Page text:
Empirical Labs, located in Fort Collins, CO, has a long history in the manufacturing and formulation side of the industry. Founded in 1989, the company predates the Dietary Supplement Health and Education Act, the overarching legislation that created the supplement industry we all know today. The company began as a contract manufacturer, catering to a growing and rapidly changing industry.
“You had to be pretty dedicated to the natural industry to start a company back then,” Empirical Labs president Kelly Goyen told NutraIngredients-USA. “Formulas tended to use everything available from Eastern and Western traditions, including vitamins, minerals and enzymes.”
But Goyen said it became apparent early on that not all was well with the world in this ‘everything but the kitchen sink’ approach. Customers were using their new found freedom to ask for long lists of ingredients, but Goyen said the question of what these were doing in the body could not be put to rest.
“Even with a great formula the limit seems always seemed to be bioavailability,” Goyen said. “One or more of the ingredients could limit the overall effectiveness because they are poorly absorbed or because they degraded in the stomach.”
Goyen said that concern led the company for a years-long search for a solution. They finally settled on liposomal delivery, the practice of shrouding small particles of active ingredients in a layer of lipids to both protect them in the highly acidic environment of the stomach and to boost their uptake into the bloodstream.
Liposomes as a clean label technology
But the manufacture of liposomes typically involves the kind of inputs and processing steps that make sticklers for what ought to qualify as ‘natural’ raise their eyebrows. Goyen said Empirical Labs is sensitive to these concerns. The first thing to keep in mind is that chemists didn’t invent liposomes; the body did.
“Liposomes are a natural form, humans create them within their bodies,” Goyen said. “This is not the nanotechnology that people think of as something that wouldn’t occur normally in nature and that persists.”
The next thing to keep in mind, Goyen said, is that Empirical Labs worked on the concept in a trial and error fashion for a number of years to come up with a clean label approach before launching the technology to the market almost ten years ago. Liposomal delivery has long been used in the pharmaceutical realm as a delivery mode for certain drugs, but in those cases the manufacturers aren’t much troubled with labeling and perception issues. Consumers are more concerned with what the drug is supposed to do than with how it’s made.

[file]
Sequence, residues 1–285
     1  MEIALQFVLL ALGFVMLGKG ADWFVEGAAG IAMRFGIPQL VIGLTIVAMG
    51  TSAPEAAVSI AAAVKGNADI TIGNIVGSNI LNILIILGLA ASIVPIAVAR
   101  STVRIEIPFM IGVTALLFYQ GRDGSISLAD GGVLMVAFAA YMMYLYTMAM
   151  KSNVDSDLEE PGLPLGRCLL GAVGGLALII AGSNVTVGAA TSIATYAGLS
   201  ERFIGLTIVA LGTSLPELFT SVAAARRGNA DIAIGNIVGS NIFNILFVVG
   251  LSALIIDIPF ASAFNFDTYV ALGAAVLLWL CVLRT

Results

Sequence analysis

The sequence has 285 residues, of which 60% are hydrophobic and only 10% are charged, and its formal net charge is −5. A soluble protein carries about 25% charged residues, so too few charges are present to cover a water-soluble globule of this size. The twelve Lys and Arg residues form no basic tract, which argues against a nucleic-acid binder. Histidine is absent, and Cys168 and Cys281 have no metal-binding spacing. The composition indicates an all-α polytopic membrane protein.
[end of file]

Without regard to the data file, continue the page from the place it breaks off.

“At that time we decided we needed a better delivery system that would work with both water and oil soluble ingredients. We refined our technique of making the liposomes so that now we can put almost any ingredient into them. We use phosphatidylcholine from non GMO sunflower oil. We took the pharmaceutical technology and developed it into a clean label process, something that we would be comfortable with our children taking on a daily basis,” he said.
“When we entered the market we saw some others who were using some raw materials to make their liposomes that I wouldn’t consider clean label ingredients. We use no hydrogenated lipids, and we don’t use high temperatures or pressures. I believe our process is capable of being certified organic," Goyen said.
Goyen said another difference maker is Empirical Labs’ ability to verify that its liposomes are meeting spec in terms of particle size and uniformity. Molecular scans reveal the the company’s technology delivers a uniform product with distinct globules, not a squishy smear of blobs of varying sizes, Goyen said.
“We wanted to be able to prove we weren’t just making emulsions,” he said.
Empirical Labs uses the technology to deliver hard-to-absorb molecules of interest such as curcumin and resveratrol and the company is working on using its liposomal technique for the delivery of CoQ10, another notoriously poorly-absorbed ingredient. Preliminary results show the approach can boost CoQ10 uptake by as much as six-fold, Goyen said. But the technology can also improve the performance of even easily absorbed ingredients such as vitamin C, he said.
“People say, why would you want to put vitamin C into a liposome? Vitamin C is well absorbed up to about a 200 mg dose and then it falls off rapidly after that. By the time you get to 500 mg it’s all over, and anything above that is pretty much wasted. But if you put it into a liposome your body keeps on absorbing it over time and it stays in the blood stream longer. So blood levels increase, and stay at those higher levels for a longer time,” he said.
Goyen said the company’s technology is another example in the dietary supplements industry of an overnight success that took ten years. The company is getting a lot of interest from the private label professional channel, where delivery mode performance is part of the conversation health care practitioners have with their patients, he said. And the clean mouthfeel of the company’s product, lacking the hard-to-remove, mouth coating quality of some other liposomal products (verified by this reporter) augers well for its wider uptake in the broader market, he said.